Friday, April 29, 2011

Ready at the Altar

There she is, getting ready for her special day, the shuttle Endeavour.

What, you though I was going to post pictures of Kate Middleton?

While I enjoy many British exports, Doctor Who, Terry Pratchett, Harry Potter, etc, the one thing I've got no use for is hereditary monarchy. And while I wish the happy couple well and all that, our forefathers here fought a couple wars and put together a pretty good set of rules and guidelines based in no small part on the premise that we're under no obligation to give a damn about royalty. While our country has its flaws, the belief that even the poorest orphan is equal as a human being to any king or queen is not one of them. I only wish that equality were as apparent in practice as it is in our founding documents.

So if you're going to toast anything today, toast the final voyage of that amazing machine. While one royal bride is headed into a world of boundaries and class lines, Endeavour is headed today to a place far beyond any walls or palaces, where any distinctions we might wish to build for ourselves are rendered meaningless by the vastness of space.

Wednesday, April 27, 2011

Cycling: The Helmet Question

I have a confession: I rode my bike without a helmet today.
Now, before anyone starts making the usual "organ donor" comments, I would point out that in light of the 80-degree weather (after weeks of 40 degree weather, soon enough 80 will be a cool day) I decided to take off my lid and drop it in my basket for PART of my ride, which was along the D&R towpath, a flat, smooth trail with no motorized traffic at all. When I got to the point where I had to get back on the road, the helmet went back on.

For non-cyclists, this might not seem like a big deal at all, but in the cycling world there seems to be a culture war between the helmet and non-helmet crowds. There is all sorts of sanctimonious blather on both sides of the issue, along with "proof" that helmets will either save your life, guarantee you'll get hit, make injuries worse, mitigate injuries or have no affect whatsoever.

As for myself, my position on helmets is that no one over 18 should be required by law to wear one, but since they do seem to offer some protection from head injury in a crash, it's not a bad idea. One should definitely wear one while racing, and when mountain biking, it's probably a good idea when riding fast or in traffic, and probably not all that necessary when cruising around back streets or on going slow on a bike path (but if you're used to wearing one, go for it). During icy or wet weather, you might consider one as slippery conditions make a fall a bit more likely.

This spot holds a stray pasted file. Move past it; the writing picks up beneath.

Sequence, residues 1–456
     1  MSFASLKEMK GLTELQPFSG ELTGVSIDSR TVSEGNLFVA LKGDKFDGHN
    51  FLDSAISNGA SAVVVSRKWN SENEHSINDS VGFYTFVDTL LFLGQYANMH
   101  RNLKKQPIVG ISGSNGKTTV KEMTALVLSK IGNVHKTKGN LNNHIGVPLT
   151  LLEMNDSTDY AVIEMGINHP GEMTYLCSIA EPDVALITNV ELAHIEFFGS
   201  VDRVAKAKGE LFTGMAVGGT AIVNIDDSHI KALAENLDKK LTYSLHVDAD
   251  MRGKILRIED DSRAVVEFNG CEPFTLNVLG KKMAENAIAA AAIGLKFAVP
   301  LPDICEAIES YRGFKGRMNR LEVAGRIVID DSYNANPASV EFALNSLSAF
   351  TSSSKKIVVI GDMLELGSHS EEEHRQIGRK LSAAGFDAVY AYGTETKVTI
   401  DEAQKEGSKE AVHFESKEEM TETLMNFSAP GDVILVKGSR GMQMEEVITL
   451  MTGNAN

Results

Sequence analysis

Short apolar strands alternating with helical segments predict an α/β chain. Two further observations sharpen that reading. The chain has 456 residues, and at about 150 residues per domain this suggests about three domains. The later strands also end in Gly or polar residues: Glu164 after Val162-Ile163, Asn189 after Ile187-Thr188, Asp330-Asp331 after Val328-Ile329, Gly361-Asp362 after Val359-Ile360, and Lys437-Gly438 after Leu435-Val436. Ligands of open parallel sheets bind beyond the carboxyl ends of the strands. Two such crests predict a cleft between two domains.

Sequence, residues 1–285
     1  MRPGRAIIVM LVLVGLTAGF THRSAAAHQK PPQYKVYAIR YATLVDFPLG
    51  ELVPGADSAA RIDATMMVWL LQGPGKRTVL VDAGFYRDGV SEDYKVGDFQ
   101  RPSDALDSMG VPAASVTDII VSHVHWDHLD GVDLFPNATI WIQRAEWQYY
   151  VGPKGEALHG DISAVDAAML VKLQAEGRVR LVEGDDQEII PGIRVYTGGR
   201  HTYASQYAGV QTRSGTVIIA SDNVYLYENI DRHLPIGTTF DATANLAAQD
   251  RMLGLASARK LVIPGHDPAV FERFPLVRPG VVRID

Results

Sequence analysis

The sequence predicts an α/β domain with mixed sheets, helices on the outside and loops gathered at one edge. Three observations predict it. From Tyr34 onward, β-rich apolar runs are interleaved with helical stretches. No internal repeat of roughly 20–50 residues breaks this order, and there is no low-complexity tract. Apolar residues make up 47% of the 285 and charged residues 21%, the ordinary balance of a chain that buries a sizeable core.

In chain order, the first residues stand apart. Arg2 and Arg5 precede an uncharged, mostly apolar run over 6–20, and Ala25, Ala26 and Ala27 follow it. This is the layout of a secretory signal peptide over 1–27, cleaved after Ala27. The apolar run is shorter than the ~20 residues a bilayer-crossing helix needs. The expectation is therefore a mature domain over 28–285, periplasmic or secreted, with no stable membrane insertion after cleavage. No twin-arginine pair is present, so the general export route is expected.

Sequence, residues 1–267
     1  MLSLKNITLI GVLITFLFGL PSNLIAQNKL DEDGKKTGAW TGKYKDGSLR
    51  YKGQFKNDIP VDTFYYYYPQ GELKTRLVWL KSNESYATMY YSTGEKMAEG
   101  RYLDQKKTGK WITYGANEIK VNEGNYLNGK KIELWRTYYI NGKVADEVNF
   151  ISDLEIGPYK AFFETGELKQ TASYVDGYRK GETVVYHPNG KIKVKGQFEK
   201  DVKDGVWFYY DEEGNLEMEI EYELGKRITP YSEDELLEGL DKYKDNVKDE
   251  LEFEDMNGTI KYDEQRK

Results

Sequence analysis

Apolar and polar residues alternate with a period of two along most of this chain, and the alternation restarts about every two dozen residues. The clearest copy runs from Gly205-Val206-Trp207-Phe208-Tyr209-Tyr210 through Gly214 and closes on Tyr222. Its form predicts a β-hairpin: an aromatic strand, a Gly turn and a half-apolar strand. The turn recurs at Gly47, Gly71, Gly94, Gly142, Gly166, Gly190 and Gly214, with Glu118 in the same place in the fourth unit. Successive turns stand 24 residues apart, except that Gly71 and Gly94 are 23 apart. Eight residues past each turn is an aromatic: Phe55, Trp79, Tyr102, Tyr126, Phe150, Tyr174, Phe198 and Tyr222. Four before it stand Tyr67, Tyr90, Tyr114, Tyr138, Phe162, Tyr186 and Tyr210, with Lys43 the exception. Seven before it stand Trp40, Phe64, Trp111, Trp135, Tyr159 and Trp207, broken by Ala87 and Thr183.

Kids should wear them, because low-speed faceplants seem to happen for them on a fairly regular basis, and it's probably a good idea to wear one when riding WITH children, because you'll set a good example, and besides which when they suddenly decide to pull a Jackie Chan impersonation, you know it's going to happen six inches in front of you, so you might as well be ready for it.

I've worked in the bike business a while, and known a few people who've crashed hard and got off pretty easily in part because they were wearing a helmet, all of them on either off-road or high speed road rides, and I've had some minor dings myself (including the time I was hit in the head by my own bicycle) so for that type of riding, I think they're a good idea.

I guess that puts me on the pro-helmet side of the debate. On the other hand, if having to wear a helmet is the only thing keeping you off a bike, ride without one, you'll probably be fine. I'm also pretty sure that riding in a safe, predictable manner, and paying attention to your surroundings is much more important to being a safe rider (take, for example, the fellow who nearly hit me while I was locking up my bike today in Highland Park, he came from behind me, riding the wrong way on a sidewalk, and didn't make any noise or give any indication that he was about to pass a pedestrian, BUT HE WAS WEARING A HELMET). In the Netherlands, famous for being the safest and most bike-friendly place on earth, helmets are a rarity, but so are bike fatalities, so it has a lot to do with safe riding and and safe interactions between bikes, cars and pedestrians. So I guess I agree with the anti-helmet folks on some things too.

The thing that gets on my nerves, though, is how every time the topic comes up, or even when it's not specifically brought up (for example whenever there's a blog post or ad featuring a non-helmeted person) how there's this immediate, knee-jerk reaction of "he's an idiot, he's not wearing a helmet" which is immediately followed by a "helmets don't really make you any safer" comment, and then a general outpouring of obnoxiousness from the peanut gallery. It's stupid and I have the feeling it makes newcomers somewhat uncomfortable. If you're thinking "hey, I want to ride a bike more and get involved in some of these online discussion groups" but find out that before you can type three words you're expected to pick sides in a stupidly vitriolic debate, it can be somewhat off-putting, and you might find yourself thinking you need a better hobby.

I think helmets are good, and wear one on most (but not all) rides. I recommend them to people who ask my opinion, but in fairly mild language. If you don't want to wear one, that's OK too. Just have fun and be safe.

However, if the only reason you won't wear a helmet is because they're not cool or stylish enough, I have two words for you: bicycle fedora.